Are wrote We Need Love for Dance Innovations “because of the current climate of the world,” she said.
“I feel like love is something that’s lacking. It’s such a short work, but it’s so powerful. It’s a confession about the world we’re in and how ugly it can be, but it’s also a call to action. What are you going to do to make sure love is shown in your neighborhood? Hopefully it starts a chain reaction, so everyone will want to incorporate love into their lives.”
If they win, Are and Dance Innovations plan to spread the love by donating their prize money to the Dance Innovations Performance Foundation, for art scholarships to students with special needs. — S.Y.
Don’t tell CJ Ryan, but his mom listens to him shower.
“Usually he uses our shower … so when I know he’s taking a shower in our room, I sneak up to the room just to listen to him sing,” said Juliette Ryan.
She is astonished — and even perplexed– by the 12-year-old’s vocal ability.
“No one in my family can sing, and I’ve never taken a singing lesson besides for being in the chorus,” said CJ, who will perform Tell Me You Love Me by Demi Lovato.
CJ said his sisters– twins Devon and Taylor, 13, and Kiara, 26–don’t sing at all, and he has no clue where his talent comes from. Singing just comes easy.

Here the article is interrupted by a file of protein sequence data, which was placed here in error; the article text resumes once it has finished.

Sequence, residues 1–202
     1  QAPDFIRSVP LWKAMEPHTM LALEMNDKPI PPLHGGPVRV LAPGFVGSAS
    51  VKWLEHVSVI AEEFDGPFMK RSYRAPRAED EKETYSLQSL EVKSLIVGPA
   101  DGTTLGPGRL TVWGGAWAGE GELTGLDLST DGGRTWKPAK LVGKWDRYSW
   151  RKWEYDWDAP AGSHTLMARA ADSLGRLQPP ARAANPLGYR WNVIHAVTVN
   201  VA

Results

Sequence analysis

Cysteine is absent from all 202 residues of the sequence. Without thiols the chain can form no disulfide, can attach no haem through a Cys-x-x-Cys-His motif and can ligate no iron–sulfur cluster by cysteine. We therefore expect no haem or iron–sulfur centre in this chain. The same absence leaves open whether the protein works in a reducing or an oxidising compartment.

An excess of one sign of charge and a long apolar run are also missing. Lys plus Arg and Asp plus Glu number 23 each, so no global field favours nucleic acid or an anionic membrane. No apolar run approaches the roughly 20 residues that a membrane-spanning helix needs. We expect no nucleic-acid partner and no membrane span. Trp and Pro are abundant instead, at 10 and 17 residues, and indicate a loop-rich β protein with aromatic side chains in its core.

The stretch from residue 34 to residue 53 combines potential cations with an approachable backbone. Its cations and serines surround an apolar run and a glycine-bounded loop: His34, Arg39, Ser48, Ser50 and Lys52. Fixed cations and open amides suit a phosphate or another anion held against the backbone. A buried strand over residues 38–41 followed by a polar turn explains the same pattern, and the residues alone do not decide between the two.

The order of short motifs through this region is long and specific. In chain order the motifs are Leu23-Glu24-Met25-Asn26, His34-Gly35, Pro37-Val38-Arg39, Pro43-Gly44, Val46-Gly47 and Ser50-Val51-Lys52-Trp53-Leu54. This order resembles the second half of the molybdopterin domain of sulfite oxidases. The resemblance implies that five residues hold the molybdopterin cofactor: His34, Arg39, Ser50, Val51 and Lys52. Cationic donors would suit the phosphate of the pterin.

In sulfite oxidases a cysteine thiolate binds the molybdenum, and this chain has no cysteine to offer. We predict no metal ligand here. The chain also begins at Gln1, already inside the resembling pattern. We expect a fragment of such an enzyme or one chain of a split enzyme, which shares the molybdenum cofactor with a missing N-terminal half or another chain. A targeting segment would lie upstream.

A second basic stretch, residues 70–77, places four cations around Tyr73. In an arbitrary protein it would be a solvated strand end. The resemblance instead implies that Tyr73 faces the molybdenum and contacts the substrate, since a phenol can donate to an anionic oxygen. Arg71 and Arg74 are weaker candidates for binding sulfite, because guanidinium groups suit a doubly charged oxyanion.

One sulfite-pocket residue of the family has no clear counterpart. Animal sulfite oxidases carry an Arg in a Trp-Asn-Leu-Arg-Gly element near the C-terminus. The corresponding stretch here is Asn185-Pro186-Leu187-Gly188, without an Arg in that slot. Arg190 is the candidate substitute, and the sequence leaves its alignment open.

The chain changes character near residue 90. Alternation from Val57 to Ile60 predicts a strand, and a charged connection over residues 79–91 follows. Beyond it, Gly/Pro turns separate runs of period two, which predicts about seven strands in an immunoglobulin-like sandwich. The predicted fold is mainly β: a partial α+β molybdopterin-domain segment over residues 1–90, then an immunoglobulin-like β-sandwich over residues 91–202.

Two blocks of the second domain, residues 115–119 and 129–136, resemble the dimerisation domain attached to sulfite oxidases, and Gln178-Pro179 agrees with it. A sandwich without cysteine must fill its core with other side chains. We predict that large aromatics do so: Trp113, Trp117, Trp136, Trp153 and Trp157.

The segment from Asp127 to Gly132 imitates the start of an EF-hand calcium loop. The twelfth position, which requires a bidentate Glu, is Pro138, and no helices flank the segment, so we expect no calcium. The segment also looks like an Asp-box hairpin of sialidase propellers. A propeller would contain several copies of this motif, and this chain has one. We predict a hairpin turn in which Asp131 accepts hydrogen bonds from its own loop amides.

The family started taking notice when the 7th grader competed in the Frelinghuysen Middle School talent show.
“We didn’t know how good he was until he tried out for the FMS talent show last year and didn’t want to tell us, he was shy about it and, it was just ‘Woah, oh my goodness,’ we had no idea,” said his mom.
“We took it kind of lightly because that’s how he is, kind of low key.”
So low key, in fact, that he only decided to audition for Morristown Onstage at the very last minute. –M.F.
The pressure began the instant the Morristown Onstage poster went up at Morristown’s Committed Pig restaurant.
“My co-workers insisted I try out,” said Liv Zito, 19. She did, and made the cut with her interpretation of Pink’s Glitter in the Air.
Family members think it shows off her range, and they should know. They’ve heard her singing “basically since I could talk,” said Zito, who is studying music production at the County College of Morris with an eye toward the Berklee College of Music and a career in children’s music therapy.